Too much prolactin, which causes breast enlargement in women and impotence in men
The pituitary gland is a small endocrine gland located at the base of the brain. It produces hormones that regulate many important processes in your body, including growth and reproduction.
Pituitary tumors are rare in children and young adults, but they’re more common in older adults.
The most common type of pituitary tumor is called a prolactinoma. This type of tumor makes too much prolactin — a hormone that stimulates breast milk production during pregnancy (lactation). A prolactinoma usually grows slowly over time (over months or years), causing symptoms such as headaches, vision loss and problems with balance.
Other types of pituitary tumors include:
Craniopharyngiomas — slow-growing tumors that start in the cells that produce hormones made by the hypothalamus (another part of your brain). They usually appear before age 20 and cause symptoms such as headaches, vision loss and problems with balance. Craniopharyngiomas can grow large enough to compress nearby parts of the brain and cause serious complications if they aren’t treated promptly.
Does the pituitary gland enhance?
The pituitary gland is a small endocrine gland that sits at the base of the brain. It is responsible for producing many hormones, which are chemicals that help regulate the body’s functions.
The main function of the pituitary gland is to produce and secrete a variety of hormones that affect growth, development, metabolism and sexual function.
The pituitary gland also releases many hormones that regulate or control other glands in your body. For example, it produces growth hormone — a hormone that helps children grow taller and adults maintain lean muscle mass. It also produces thyroid-stimulating hormone (TSH), which controls how much thyroid hormone is released by your thyroid gland.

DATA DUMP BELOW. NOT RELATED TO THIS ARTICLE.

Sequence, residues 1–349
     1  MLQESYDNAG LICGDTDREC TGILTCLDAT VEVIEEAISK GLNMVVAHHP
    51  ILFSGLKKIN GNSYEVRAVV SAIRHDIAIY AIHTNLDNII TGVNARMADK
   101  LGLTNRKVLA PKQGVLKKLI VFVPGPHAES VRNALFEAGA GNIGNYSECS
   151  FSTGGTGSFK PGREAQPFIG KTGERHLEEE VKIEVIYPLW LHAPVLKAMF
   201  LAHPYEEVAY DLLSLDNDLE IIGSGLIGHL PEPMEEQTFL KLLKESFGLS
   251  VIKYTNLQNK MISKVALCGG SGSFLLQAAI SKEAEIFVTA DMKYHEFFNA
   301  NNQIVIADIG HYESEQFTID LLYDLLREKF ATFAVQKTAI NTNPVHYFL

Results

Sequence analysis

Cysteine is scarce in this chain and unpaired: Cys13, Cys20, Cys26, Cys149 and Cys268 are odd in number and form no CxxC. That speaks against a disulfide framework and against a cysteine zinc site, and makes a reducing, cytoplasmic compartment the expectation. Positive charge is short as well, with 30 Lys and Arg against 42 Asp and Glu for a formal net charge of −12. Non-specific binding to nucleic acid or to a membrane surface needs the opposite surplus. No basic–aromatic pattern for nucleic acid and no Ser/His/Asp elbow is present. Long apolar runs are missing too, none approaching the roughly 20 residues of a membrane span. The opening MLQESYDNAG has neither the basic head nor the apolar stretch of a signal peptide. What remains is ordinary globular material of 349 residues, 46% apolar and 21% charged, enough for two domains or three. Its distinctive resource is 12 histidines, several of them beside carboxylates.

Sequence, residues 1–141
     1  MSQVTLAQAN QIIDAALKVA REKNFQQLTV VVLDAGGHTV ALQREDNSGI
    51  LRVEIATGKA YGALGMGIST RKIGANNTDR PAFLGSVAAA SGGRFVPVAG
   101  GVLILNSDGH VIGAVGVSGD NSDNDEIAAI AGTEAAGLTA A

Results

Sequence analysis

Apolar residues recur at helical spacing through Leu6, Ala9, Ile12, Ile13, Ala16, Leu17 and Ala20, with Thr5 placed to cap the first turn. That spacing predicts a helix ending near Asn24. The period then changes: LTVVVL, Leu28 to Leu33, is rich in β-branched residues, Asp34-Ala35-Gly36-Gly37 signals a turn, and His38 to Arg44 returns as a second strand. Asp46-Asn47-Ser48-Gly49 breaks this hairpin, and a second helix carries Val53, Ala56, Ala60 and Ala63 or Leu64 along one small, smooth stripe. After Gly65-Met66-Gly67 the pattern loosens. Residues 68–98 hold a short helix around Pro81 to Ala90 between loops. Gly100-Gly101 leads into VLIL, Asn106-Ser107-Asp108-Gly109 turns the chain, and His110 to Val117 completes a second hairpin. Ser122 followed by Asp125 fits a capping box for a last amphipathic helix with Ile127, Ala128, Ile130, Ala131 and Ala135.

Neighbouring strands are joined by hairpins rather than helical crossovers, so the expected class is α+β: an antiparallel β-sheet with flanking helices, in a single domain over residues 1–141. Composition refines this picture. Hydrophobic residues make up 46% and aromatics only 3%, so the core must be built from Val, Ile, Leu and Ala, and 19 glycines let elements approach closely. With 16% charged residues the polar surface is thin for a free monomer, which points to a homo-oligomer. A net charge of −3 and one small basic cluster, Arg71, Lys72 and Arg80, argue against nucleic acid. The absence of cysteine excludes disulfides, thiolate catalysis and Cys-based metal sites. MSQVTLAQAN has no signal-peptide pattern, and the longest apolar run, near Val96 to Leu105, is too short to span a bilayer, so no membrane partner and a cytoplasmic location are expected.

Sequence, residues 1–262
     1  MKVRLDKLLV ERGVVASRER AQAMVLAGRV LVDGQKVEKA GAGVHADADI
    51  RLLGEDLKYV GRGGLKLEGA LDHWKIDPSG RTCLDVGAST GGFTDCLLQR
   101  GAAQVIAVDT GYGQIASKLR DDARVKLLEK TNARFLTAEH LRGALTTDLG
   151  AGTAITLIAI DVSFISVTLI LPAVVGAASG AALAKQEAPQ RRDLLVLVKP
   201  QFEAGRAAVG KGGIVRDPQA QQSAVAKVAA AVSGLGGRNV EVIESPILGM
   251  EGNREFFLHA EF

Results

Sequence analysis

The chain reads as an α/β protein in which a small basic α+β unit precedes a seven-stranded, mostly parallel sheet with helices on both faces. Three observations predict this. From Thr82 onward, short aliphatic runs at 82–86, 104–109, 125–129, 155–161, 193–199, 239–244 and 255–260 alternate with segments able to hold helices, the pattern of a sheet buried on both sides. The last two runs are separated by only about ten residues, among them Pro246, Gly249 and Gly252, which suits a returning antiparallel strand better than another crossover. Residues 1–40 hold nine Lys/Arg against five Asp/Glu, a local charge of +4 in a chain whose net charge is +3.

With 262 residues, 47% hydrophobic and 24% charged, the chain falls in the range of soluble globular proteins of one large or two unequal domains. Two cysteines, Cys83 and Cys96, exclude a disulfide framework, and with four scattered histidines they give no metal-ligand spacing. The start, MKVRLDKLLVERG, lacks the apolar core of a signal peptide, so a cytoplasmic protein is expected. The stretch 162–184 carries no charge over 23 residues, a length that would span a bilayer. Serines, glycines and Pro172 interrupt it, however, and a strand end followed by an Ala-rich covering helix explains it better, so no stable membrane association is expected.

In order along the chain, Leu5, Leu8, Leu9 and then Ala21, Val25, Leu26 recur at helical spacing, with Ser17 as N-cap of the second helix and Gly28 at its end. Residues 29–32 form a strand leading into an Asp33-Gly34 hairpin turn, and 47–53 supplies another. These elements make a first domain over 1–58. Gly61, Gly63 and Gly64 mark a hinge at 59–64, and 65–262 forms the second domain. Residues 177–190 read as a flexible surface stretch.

The pituitary gland is a small endocrine gland located at the base of the brain, behind the nose. The pituitary gland secretes hormones that control the growth and development of the body. It also produces hormones that control other glands in the body.
The pituitary gland has two lobes, which are connected by a thin bridge of tissue called the infundibulum. The anterior lobe secretes six different hormones (including growth hormone), while the posterior lobe secretes two hormones: oxytocin and antidiuretic hormone (ADH).
An enlarged pituitary gland may be due to one of many causes including:
Cushing’s syndrome, which causes adrenal hyperplasia (overproduction of adrenal hormones) and often affects both adrenal glands as well as the pituitary gland
Other conditions that cause excess corticosteroid production such as sarcoidosis or tuberculosis
Tumors that produce excess growth hormone or prolactin (lactation)
Tumors that produce excess ACTH (adrenocorticotropic hormone)
The pituitary gland is a small gland that sits at the base of the brain. It produces hormones that control the function of other endocrine glands in the body.
The pituitary gland is controlled by another part of the brain called the hypothalamus. The hypothalamus releases hormones that stimulate or inhibit the secretion of hormones from the pituitary gland.
A pituitary adenoma is a noncancerous (benign) tumor that can develop on one or both sides of your pituitary gland. These tumors can cause many different symptoms, including headaches, vision changes and trouble swallowing or breathing.
The pituitary gland is a small endocrine gland that sits like a pine cone at the base of your brain.
The pituitary gland is composed of two lobes: the anterior lobe and the posterior lobe. The anterior lobe secretes hormones that control growth, metabolism and sexual maturation. The posterior lobe produces hormones that control other body processes, including stress responses and fluid balance.
Pituitary Gland Function
The pituitary gland has three functions:
1) To secrete hormones which help control growth, metabolism, sexual maturation, water balance and stress reactions. These include: